Wednesday, 16 February 2011

Edith Head: Hollywood's greatest costumier

"You can have anything you want in life if you have the dress for it" according to Edith. For my birthday last week I got a couple of books on this formidable woman and after reading for 5 minutes I knew I had to blog about her!

The dust cover to The Dress Doctor reads: "Long before celebrity stylists became as renowned as the Oscar-winning film stars they advise, Head was dressing Hollywood's most fashionable women and men on screen and off and lending her sartorial wisdom to women across the country on radio and television. In 1959, she published a best-selling memoir and style guide, The Dress Doctor, in which she shared tips on style and dozens of entertaining anecdotes on Hollywood's A-list with her fans".

Edith on Audrey Hepburn: 'Audrey knows more about fashion than any actress save Dietrich. Her fittings are the ten-hour, not the ten-minute, variety. To sketches for Roman Holiday, she added a few of her own preferences: simpler necklines, wider belts.

'Audrey and I went shopping in San Francisco; she wanted me as confrere and audience. Shopping is her idea of fun, and no wonder - no matter what she tried on she looked simply delicious. "And now let's celebrate," she'd say when we were exhausted, and that meant heading for the nearest confectionery to devour two of the biggest, fattest, most chocolatey French pastries. When she lived in Holland during the war, food was scarce and she developed a passion for chocolate'

The style guide offers advice on what to wear for every kind of social occasion, from garden parties to roller skating. Even breakfast gets a mention: 'It's good psychology to start the day with bright colours, so choose something gay in a washable fabric. Breakfast coat, brunch coat, house dress, smock, skirt and shirt, or slacks and shirt + apron if you're cooking, shoes - sandals or flats'. Got that?

Of Bette Davis (right) Edith says: 'She thinks like a businessman. Hers is a truly organised point of view, and working with her I felt like I was in conference with a bank president. You can see the authority on screen, in her walk, her voice, her actions; there is not a trace of indecision - she's the same on screen and off'. Want proof? Here it is.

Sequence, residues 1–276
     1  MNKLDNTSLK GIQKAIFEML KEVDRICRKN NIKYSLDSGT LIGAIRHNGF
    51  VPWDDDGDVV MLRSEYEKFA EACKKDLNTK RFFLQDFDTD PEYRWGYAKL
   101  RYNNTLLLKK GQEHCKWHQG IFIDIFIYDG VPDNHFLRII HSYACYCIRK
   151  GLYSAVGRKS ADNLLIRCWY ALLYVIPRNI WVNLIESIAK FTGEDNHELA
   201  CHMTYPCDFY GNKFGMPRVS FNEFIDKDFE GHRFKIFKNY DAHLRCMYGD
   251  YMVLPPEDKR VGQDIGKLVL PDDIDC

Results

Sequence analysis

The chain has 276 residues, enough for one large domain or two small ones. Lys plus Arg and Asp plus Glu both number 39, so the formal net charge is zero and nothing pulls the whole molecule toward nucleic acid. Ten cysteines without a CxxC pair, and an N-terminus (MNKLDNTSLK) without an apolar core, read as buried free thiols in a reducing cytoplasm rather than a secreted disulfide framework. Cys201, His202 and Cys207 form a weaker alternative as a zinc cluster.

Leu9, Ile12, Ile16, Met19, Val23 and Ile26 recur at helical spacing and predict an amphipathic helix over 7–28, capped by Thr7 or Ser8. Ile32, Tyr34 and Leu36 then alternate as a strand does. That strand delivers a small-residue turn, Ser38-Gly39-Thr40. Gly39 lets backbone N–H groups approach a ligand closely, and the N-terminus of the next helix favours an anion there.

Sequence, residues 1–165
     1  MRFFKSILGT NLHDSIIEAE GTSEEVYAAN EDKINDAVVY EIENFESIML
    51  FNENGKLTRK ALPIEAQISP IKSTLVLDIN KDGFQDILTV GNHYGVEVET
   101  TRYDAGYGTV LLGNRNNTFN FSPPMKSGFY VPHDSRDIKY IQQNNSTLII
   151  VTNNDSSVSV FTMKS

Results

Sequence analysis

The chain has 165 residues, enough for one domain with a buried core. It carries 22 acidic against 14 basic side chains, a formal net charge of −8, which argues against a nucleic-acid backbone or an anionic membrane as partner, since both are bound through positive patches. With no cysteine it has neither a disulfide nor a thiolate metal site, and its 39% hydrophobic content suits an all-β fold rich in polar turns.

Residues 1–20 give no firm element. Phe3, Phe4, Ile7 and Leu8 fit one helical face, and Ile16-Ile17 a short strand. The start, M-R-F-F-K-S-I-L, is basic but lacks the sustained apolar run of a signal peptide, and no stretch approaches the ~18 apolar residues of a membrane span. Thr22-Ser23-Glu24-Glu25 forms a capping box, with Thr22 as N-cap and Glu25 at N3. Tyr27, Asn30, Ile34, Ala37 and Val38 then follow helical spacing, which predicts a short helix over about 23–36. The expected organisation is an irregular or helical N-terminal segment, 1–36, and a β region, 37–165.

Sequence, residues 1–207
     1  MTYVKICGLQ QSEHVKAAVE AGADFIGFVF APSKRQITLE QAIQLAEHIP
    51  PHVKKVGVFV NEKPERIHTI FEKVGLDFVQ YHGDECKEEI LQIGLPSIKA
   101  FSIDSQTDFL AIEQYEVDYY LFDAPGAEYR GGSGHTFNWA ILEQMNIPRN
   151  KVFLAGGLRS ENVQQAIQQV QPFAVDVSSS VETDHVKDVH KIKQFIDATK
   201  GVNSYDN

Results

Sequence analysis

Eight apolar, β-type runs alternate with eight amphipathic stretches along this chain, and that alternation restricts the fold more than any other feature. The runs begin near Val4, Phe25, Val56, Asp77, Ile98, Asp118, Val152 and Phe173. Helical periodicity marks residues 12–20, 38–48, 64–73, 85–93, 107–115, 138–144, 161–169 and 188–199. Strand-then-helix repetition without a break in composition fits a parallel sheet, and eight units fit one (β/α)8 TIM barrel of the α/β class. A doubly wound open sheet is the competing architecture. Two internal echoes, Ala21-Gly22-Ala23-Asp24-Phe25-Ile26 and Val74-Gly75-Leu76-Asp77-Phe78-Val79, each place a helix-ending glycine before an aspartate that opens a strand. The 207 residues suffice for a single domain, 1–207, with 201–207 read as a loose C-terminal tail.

Edith takes her role as sartorial adviser seriously: 'Every woman's task is to be a do-it-yourself dress doctor, and the person she must know is herself. Every woman, like every actress, is capable of being visually translated into many different women. A woman in a bath tub has little personality, she is just a woman without clothes. Clothes not only can make the woman - they can make her several different women. There's no one style, there's a style for a mood: a tailored woman at work, a siren at night, a feminine, attractive creature at a luncheon, an efficient chairwoman of a PTA meeting'.

Mae West is another one of her favourites. 'I designed thirty or forty pounds of jewellery for Mae to wear as Diamond Lil in She Done Him Wrong. I first found pictures of period jewellery to show her. "Fine, honey" she said, "just make the stones bigger". You can see Mae in all her glittering glory in this brilliant clip from the movie.

'"I like 'em tight, girls," she said, and tight they were; there wasn't a costume in which she could lie, bend, or sit. To afford her some small relaxation, we improvised a reclining board; it had armrests and was tilted at an angle, and there she leaned between scenes in glittering splendour, the jewels winking from her hourglass gown, and dazzling from her throat, ears, wrists, and every finger.

'Once, I made a skin-tight black nightgown and over it, a chiffon and diamond negligee that gave the effect of a spider web. On the shoulder I perched a huge diamond spider, anchored by adhesive tape. When Mae wore this on the set, the whistles and screams sounded as if the Queen Mary were docking in New York harbour. Mae had switched the diamond spider to a more. . strategic spot. It took half an hour to quiet the hilarity and get Cary Grant and the crew back to work'.

The Dress Doctor
features beautiful illustrations by Bil Donovan on every page, bringing the book to life.

Superhero costume designer Edna Mode in The Incredibles (2004) is said to be based on Edith Head, as indicated in this brilliant clip.


  1. Great post - I also love a bit of Edith! Have you read her 'How to Dress for Success'? That's packed full of advice too. One fearsome tip being to stand with a paper bag on your head (with eyeholes cut out naturally!) to analyse the flaws in your figure and decide how to disguise them - what an awful thought, it can't have done anything for the insecurities of those Hollywood starlets!

  2. How hilarious about the paper bag... she really was merciless.

    Thanks for commenting Frances x